The National Union of Students represents tens of thousands of members of 600 student unions up and down the country. For the first 80 years of its century-long history it prided itself on representing students’ interests and maintaining standards in campus life.
The NUS website says the union is “proudly radical since 1922”. In the past decade or so, however, under the perverse influence of ideologues, this radicalsm has mutated.
It has forsaken its raison d’etre to become an incubator for myopic twenty-somethings brainwashed from a young age to believe western ideology and Israel (and, by extension, we dodgy Jews) are the root cause of the world’s pain.
Now, finally, the government has caught on and suspended all engagement with the NUS, removed it from Department for Education groups and reported it to the Charity Commission – potentially devastating for an organisation that recently faced bankruptcy.
These developments have been a decade or more in the making. In recent years, the NUS has happily jumped all over countless policies boycotting Israel while refusing to condemn even Islamic State.
Let’s not forget that at its annual conference in 2016, delegates even heard arguments trying to persuade them to vote against British students commemorating the UK’s official Holocaust Memorial Day. Malia Bouattia, who was elected as NUS president on the same day the arguments were heard, described Birmingham University an “outpost of Zionism”.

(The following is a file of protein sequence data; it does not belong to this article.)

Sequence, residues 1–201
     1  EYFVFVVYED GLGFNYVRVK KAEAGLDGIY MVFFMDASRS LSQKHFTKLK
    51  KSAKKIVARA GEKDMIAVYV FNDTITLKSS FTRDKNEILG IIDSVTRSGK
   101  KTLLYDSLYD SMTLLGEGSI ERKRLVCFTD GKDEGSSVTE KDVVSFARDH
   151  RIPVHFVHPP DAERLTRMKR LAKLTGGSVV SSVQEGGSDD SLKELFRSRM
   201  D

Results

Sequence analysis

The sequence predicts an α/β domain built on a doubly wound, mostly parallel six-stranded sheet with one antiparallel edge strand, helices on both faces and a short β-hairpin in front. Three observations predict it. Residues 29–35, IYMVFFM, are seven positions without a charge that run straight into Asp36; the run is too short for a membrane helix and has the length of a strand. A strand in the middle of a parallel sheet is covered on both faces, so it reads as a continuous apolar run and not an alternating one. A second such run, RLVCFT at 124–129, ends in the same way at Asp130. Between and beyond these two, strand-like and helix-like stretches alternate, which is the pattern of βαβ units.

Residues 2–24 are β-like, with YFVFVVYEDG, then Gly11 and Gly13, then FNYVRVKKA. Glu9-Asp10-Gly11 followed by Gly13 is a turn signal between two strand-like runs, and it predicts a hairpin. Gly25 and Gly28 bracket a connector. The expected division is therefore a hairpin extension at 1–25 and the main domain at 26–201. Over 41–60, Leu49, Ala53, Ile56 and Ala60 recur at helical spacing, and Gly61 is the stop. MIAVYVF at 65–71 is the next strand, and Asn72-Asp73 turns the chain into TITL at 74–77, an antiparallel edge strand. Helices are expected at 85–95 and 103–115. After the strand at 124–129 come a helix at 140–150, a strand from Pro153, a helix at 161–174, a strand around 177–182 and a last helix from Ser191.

Current president Larissa Kennedy is alleged to have told Jewish students complaining about the scheduled appearance of the anti-Israel rapper Lowkey at an event at the NUS conference in Liverpool that they could “segregate themselves”.
Kennedy’s predecessor, Shakira Martin, apologised for omitting Judaism from a questionnaire about religion while incoming president Shaima Dallali posted an Islamic chant threatening Jews with death and sympathised with Hamas.
These presidents have missed out on charm school, to say the least.
It all adds up to one clear message that’s been sent to Jewish students time and time again: there is no place for you in the NUS.
Now the moral vacuity at the dark centre of this shabby little outfit has been exposed to sunlight, the day might come when all students – Jewish or not – finally get their NUS back.